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Trump looks to cut GM subsidies

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US president Donald Trump threatens to cut subsidies to GM. MANDEL NGAN/AFP

Trump looks to cut GM subsidies

US President Donald Trump threatened to cut subsidies to General Motors on Tuesday, a day after the US automaker’s bruising layoff announcement that hits politically crucial states in the US Midwest.

It was the latest angry outburst from Trump who has frequently attacked US companies that fail to fall in line behind his promises to protect US jobs.

“The US saved General Motors, and this is the THANKS we get!” Trump said on Twitter, alluding to the government bailout during the financial crisis. “We are now looking at cutting all @GM subsidies, including for electric cars.”

Trump’s statement – which sent GM shares lower – came after the automaker on Monday announced it was cutting 15 per cent of its workforce, shuttering five plants in the US, including two in Michigan and one in Ohio, key battleground states that Trump narrowly carried in the 2016 presidential election.

GM defended the move as necessary to position the company for a changing market, as it faces weak sales for smaller cars and shifts resources towards investments in electric and autonomous vehicles.

The company responded to Trump saying it remains “committed to maintaining a strong manufacturing presence in the US, as evidenced by our more than $22 billion investments in US operations since 2009.”

And it said “many” of the workers impacted by the plant closures “will have the opportunity to shift to other GM plants,” where it produces popular and top-selling trucks and SUVs.

The US currently provides subsidies to car buyers of $2,500 to $7,500 for electric vehicles by all automakers depending on the model, and how many have been sold. GM produces the all-electric Chevrolet Bolt, and already was expecting to see the subsidies drop early next year.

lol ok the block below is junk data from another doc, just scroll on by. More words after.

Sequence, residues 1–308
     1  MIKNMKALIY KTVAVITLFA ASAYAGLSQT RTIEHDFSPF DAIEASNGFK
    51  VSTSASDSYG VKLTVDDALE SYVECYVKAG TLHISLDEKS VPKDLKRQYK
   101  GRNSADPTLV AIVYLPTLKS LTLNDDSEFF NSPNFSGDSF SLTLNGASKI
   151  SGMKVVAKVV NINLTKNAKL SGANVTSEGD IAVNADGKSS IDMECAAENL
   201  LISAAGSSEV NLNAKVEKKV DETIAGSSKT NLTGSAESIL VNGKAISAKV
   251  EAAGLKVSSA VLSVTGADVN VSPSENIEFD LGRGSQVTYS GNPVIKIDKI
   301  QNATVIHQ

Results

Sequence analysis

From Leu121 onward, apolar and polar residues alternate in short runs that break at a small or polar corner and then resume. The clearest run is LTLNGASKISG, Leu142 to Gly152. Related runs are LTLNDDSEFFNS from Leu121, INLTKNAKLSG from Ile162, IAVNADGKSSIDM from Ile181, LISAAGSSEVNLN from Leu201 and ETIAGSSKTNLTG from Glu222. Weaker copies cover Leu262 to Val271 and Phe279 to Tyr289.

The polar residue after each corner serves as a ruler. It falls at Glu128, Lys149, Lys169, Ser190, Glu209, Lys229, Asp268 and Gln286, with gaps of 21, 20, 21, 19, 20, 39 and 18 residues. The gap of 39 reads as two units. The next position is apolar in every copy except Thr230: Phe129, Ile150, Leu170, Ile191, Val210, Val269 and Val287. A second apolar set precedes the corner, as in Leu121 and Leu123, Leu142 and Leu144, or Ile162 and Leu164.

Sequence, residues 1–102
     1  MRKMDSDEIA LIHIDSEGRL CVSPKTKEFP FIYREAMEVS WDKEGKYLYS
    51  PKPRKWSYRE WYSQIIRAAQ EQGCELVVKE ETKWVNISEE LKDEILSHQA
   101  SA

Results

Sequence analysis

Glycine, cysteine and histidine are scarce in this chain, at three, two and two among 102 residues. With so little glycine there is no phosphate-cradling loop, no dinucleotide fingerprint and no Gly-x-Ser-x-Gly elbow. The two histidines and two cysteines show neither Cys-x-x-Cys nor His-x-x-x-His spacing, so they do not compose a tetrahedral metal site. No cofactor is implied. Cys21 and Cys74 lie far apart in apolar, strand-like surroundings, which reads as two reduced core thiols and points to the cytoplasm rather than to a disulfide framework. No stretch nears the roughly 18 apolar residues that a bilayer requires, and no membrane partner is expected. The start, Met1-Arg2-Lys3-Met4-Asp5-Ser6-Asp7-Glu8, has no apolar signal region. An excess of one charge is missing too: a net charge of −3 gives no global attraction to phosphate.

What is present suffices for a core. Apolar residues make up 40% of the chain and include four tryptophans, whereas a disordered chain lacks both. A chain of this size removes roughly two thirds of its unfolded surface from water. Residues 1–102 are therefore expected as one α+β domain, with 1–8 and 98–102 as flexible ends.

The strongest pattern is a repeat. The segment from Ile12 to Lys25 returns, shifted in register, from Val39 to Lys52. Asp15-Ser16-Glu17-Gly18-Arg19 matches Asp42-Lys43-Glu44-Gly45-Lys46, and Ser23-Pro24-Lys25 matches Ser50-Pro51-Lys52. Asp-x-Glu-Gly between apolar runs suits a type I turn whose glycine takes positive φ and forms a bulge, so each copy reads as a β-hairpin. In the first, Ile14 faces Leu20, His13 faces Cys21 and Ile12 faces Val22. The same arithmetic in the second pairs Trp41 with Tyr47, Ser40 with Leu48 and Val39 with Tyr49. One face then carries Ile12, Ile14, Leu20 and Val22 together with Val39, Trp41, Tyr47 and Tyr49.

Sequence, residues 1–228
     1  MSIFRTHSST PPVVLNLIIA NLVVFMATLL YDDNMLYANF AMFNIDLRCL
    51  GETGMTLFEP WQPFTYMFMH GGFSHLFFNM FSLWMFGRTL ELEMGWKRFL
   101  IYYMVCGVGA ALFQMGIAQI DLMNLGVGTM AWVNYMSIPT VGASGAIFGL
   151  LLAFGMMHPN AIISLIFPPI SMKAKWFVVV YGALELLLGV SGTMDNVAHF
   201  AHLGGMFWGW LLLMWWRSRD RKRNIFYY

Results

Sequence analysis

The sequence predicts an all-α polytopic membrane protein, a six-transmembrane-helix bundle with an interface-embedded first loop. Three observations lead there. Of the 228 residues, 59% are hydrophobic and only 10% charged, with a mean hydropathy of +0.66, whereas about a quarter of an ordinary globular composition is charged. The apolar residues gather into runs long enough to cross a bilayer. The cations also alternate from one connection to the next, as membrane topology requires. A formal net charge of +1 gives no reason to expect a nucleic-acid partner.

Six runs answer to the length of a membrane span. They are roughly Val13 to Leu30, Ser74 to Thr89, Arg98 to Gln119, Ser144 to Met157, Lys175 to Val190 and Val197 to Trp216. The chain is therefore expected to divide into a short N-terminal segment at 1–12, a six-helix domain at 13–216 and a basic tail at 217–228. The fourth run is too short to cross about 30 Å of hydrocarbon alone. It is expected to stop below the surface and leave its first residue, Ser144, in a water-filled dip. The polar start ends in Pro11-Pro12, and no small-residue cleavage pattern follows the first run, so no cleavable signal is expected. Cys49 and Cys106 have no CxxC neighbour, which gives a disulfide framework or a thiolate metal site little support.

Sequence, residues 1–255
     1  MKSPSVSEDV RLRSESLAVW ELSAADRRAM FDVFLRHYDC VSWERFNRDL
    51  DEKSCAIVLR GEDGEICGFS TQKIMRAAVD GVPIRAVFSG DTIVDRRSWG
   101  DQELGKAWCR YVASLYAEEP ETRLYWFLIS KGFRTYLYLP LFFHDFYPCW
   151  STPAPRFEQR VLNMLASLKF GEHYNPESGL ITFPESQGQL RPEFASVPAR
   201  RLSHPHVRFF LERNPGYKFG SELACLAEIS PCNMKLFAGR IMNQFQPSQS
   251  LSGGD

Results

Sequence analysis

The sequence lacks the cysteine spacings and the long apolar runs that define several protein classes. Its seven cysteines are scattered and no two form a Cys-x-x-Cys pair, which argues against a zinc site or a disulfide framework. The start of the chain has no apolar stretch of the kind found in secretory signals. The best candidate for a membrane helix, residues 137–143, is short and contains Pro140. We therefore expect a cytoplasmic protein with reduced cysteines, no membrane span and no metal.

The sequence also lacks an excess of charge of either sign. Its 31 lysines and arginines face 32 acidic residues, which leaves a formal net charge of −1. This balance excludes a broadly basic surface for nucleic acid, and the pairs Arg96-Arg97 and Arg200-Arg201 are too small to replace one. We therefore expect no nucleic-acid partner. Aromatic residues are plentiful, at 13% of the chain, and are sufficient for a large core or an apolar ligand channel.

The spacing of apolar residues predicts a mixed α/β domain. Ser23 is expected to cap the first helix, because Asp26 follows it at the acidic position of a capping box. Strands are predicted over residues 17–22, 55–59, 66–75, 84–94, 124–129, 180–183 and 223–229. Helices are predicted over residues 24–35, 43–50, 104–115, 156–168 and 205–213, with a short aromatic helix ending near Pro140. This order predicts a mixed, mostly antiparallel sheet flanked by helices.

Unions blasted GM for the announcement, while Democrats lambasted Trump for supporting a large corporate tax cut that was sold as a job-creating programme, but in fact boosted company profits.

Some observers also took aim at Trump’s trade policies, which raised costs sharply for automakers due to the tariffs he imposed on imported steel and aluminium.

Although GM said on Monday the plant closures were not related to the tariffs, the New York Daily News blamed the duties, and published a cartoon on the front page showing a GM vehicle carrying Trump “off a cliff.”

Companies subject to Trump’s attacks typically have been reluctant to respond directly, but industry groups like the Business Roundtable have frequently criticised the administration’s trade policies for damaging US competitiveness and raising costs.

The stakes for Trump with mass GM layoffs are especially high given the US president’s vows to revive smaller cities and towns throughout the rust belt that have suffered job losses that Trump blames on bad trade agreements negotiated by his predecessor.

Trump raised the heat on Tuesday, taking a shot at GM’s push into overseas markets, especially China, where it now sells more vehicles than in the US.

“General Motors made a big China bet years ago when they built plants there (and in Mexico) - don’t think that bet is going to pay off,” he said on Twitter. “I am here to protect America’s Workers!”

The company denied any production of vehicles meant for the US market was being sent overseas.

Despite the political blowback, GM shares finished up nearly five per cent on Monday, with many analysts praising the cuts as necessary due to weak demand for sedans and expectations of slowing sales in the US overall.

But GM shares fell sharply after Trump’s tweets, closing down 2.6 per cent at $36.69.

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